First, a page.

My take: Twisting the knife on Gannett’s ad data problem
News Journal-Daily Times-USA Today-Dover Post etc., owner Gannett this week found himself in the crosshairs of a story in the Wall Street Journal (subscription).
WSJ said advertisers received inaccurate information with online advertisements with banners and buttons ending up on the websites of local newspapers that are part of the company’s USA Today network.
Clearly, the WSJ didn’t hesitate to twist the knife in pointing out the uncomfortable situation facing its national rival.
In response, Gannett issued a press release claiming that the Journal implied he had intentionally shared inaccurate information with advertisers for nine months. Gannett insists nothing fishy happened.
While issuing some sort of apology in the statement, Gannett launched into a tech-laden explanation that even someone who operates on that side of the business could barely understand. The word “cache” (the temporary storage of images and files that speeds up a website’s performance) was cited as a reason for the blunder.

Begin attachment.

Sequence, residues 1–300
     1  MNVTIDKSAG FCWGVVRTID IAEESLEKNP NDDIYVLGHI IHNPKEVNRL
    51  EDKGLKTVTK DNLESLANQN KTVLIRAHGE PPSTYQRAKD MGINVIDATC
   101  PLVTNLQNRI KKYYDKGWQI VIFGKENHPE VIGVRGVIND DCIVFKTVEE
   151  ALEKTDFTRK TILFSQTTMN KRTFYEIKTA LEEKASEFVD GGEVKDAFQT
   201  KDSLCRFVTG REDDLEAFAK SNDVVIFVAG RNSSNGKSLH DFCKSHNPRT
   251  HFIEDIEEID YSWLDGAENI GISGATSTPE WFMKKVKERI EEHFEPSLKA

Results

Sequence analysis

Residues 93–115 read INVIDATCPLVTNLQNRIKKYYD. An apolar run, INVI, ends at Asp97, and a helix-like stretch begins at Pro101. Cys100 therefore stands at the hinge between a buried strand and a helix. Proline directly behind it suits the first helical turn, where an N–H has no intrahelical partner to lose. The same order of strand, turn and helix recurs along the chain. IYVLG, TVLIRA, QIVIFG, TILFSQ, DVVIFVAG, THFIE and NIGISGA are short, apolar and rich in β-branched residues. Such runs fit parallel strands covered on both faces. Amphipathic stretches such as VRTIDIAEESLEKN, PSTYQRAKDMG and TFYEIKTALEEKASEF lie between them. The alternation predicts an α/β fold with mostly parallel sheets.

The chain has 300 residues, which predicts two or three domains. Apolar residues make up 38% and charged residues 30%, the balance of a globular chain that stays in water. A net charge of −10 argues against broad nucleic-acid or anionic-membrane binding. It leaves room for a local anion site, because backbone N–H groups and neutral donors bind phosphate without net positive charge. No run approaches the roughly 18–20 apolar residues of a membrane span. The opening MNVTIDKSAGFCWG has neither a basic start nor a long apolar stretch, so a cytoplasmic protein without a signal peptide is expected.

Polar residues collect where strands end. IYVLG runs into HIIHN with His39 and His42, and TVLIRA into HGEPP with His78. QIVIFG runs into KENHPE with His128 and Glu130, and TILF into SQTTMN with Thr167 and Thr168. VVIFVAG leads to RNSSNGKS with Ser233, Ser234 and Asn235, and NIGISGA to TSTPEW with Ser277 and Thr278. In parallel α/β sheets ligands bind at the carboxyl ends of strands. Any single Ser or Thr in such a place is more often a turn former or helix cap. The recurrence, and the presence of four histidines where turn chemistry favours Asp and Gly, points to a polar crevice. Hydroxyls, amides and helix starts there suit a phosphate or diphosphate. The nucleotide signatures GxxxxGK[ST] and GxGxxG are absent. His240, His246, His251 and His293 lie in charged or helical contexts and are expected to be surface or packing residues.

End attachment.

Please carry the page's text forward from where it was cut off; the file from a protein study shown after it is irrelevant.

Gannett also noted that the ad in question was a paltry $10 million in a company with $3.4 billion in annual revenue.
The latest version of Gannett formed a few years ago with the merger of Gannett and Gatehouse. This gave the company control of the bulk of Delaware newspapers, including the former Dover Post group of weeklies.
Like others in the newspaper business, Gannett has struggled to generate online advertising and subscription revenue to replace a stagnation in print revenue that has drained newsrooms across the country.
In Delaware, Gannett saw printing revenue gains, thanks in part to Joe Biden.
Full-page advocacy ads from various organizations are more common these days. It has been widely reported that the current occupant of the White House is a News-Journal reader. – Doug Rainey, Content Director.